Iraq and Syria Resume Diplomatic Relations
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It's MORNING EDITION from NPR News. I'm Steve Inskeep.
RENEE MONTAGNE, host:
And I'm Renee Montagne.
Iraq and Syria today said they are reestablishing full diplomatic ties nearly a quarter of a century after they broke them. The announcement came amid a visit to Baghdad by Syria's foreign minister, his first since the U.S.-led invasion.
The neighboring countries broke off relations in the early 1980s at the start of the Iran-Iraq war when Syria sided with Iran. We go now to our Baghdad correspondent Jamie Tarabay.
And, Jamie, is this the reason why the Syrian foreign minister came to Baghdad in the first place, to effectively make this announcement?
JAMIE TARABAY: It does seem that way. We know that the idea was floating around for a while earlier this year. Prime Minister Nouri al-Maliki, under his reconciliation plan, said that he was going to reach out to Iraq's neighbors to try to reestablish communication, to try and get some cooperation in terms of trying to end the security crisis that's going in this country.
And Syria is one of Iraq's main neighbors and one of the biggest players in the region, was the place that Maliki was definitely directing his attention towards. So, you know, the Syrian foreign minister came this weekend, he's met with everyone and it seems to be going well. They signed an agreement with his counterpart, the foreign minister, Hoshyar Zebari, over the weekend.
And it's the first step in, you know, one of many in terms of trying to reestablish communications and cooperations and try to resolve the security crisis here.
MONTAGNE: Well, one of the things is that Iraq has been trying to get Syria to halt the flow of insurgents and arms across the Iraq/Syrian border. So how important is this development if they're trying to do that?
TARABAY: It's crucial. I mean the U.S. in particular has accused Damascus of turning a blind eye to a stream of foreign fighters flowing into Iraq from Syria and also in different areas from Saudi Arabia as well. We were at a press briefing yesterday with a top U.S. military spokesman Major General William Caldwell, and he said that since operations has begun in Iraq that 670 foreign fighters have been captured and more than 420 have been killed. And of those, 20 percent were from Syria. There's also some from Saudi Arabia, as well as Yemen and Egypt.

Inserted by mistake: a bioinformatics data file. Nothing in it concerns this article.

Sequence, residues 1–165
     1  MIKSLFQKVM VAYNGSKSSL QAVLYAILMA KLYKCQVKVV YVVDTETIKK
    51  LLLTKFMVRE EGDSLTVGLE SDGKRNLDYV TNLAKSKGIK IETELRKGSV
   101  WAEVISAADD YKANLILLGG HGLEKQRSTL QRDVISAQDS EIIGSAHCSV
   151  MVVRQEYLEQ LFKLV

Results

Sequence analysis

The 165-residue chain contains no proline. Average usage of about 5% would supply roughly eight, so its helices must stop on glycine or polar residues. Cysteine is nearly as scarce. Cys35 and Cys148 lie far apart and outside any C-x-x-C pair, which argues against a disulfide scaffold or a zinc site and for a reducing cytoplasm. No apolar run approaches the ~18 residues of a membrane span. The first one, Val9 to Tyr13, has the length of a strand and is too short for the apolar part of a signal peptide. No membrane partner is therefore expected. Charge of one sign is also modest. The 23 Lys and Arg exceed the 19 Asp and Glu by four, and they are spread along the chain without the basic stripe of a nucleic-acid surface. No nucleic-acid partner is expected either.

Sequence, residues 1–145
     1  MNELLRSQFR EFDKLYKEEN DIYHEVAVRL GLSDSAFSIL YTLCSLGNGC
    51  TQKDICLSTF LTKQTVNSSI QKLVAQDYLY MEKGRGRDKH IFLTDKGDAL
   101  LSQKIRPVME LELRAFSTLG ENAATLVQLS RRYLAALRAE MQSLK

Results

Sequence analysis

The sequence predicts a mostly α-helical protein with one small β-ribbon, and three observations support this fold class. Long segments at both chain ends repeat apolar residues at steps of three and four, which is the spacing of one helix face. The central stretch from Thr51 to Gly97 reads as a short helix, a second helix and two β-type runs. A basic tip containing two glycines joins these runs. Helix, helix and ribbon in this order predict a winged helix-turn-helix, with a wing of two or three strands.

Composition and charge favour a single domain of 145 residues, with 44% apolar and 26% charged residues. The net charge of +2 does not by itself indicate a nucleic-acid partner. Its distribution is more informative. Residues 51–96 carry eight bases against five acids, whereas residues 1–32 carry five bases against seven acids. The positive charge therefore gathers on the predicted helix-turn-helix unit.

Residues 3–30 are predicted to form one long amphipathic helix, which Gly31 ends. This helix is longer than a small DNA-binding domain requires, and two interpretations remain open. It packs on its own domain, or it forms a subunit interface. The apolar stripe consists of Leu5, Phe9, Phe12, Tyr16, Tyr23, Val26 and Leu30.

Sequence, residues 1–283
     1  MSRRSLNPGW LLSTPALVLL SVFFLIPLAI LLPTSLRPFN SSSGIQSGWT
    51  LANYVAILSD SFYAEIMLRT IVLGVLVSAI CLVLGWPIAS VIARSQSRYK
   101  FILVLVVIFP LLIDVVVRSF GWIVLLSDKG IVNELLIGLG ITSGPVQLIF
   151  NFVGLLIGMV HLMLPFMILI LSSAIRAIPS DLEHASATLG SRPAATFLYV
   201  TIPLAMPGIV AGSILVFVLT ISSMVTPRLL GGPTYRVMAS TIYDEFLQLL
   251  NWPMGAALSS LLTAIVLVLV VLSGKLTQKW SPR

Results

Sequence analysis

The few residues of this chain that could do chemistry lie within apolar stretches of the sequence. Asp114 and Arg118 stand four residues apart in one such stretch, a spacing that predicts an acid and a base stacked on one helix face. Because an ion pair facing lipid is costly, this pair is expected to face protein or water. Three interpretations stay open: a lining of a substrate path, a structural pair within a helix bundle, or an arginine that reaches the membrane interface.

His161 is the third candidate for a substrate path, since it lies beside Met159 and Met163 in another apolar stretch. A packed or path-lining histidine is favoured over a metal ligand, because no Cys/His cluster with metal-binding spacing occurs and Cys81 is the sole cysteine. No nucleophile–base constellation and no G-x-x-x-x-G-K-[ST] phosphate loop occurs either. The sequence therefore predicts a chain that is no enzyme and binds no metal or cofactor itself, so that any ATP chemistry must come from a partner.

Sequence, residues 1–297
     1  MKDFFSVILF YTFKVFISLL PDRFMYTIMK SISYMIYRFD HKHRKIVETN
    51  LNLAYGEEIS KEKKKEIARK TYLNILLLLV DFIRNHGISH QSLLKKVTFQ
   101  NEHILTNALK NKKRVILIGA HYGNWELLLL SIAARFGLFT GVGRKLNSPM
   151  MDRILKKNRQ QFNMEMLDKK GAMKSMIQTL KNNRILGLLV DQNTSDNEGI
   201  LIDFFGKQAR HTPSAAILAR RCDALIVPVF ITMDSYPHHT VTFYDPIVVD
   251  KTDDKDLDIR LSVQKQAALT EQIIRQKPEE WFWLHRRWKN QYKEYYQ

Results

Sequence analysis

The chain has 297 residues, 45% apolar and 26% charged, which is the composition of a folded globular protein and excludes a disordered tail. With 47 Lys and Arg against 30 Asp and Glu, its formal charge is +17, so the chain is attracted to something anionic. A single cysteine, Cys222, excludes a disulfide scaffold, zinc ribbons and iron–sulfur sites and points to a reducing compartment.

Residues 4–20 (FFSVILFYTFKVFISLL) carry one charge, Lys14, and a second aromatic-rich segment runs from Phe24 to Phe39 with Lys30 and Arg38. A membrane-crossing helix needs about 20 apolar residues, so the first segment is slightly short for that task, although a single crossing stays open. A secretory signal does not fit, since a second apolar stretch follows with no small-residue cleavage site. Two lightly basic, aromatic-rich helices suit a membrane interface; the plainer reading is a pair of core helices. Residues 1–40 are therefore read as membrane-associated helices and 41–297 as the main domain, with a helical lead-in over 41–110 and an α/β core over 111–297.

But the fact that there have been all of these people coming into the country -and most of the government officials have been trying to put the blame for much of the violence on the foreign fighters to also try and cultivate a sense of reconciliation on the ground as well.
So this is very important on so many different levels, but most particularly in trying to stem the flow of foreign fighters and trying to stop all of these attacks.
MONTAGNE: And then this weekend Iraq's president will go, if you will, in the other direction, visiting Iran.
TARABAY: That's right. President Jalal Talabani has accepted an invitation by the Iranian president to come to a weekend summit. But we understand that the Syrian president won't be attending but he'll be sending a representative. We've heard that this is a move by Iran to try and increase its influence within the region.
As it is, Iran has a tremendous amount of influence in this country. The people who are in charge spend much of their time in exile in Iran. Iran is accused, at least by people within the ranks in Washington, of funding and training Shiite militias that are now part of the police force. So, you know, it's going to be very interesting to see what happens this weekend and what the message will be that comes out of it.
MONTAGNE: And, Jamie, November's civilian death toll sadly appears headed for a record.
TARABAY: Yes. We've seen more and more attacks over the last few days. One of the ones that hit hardest I guess among the Iraqis here was the death yesterday of Walid Hassan, who appears on a comedy show here in Iraq. He was found dead in Yarmouk in West Baghdad with three bullet wounds to his head.
And this is a man who really tried to bring a bit of joy into the lives of Iraqis in terms of trying to get them to poke fun of their everyday lives. And he'll be missed.
MONTAGNE: Jamie, thanks very much.
TARABAY: You're welcome.
MONTAGNE: NPR's Jamie Tarabay speaking from Baghdad.
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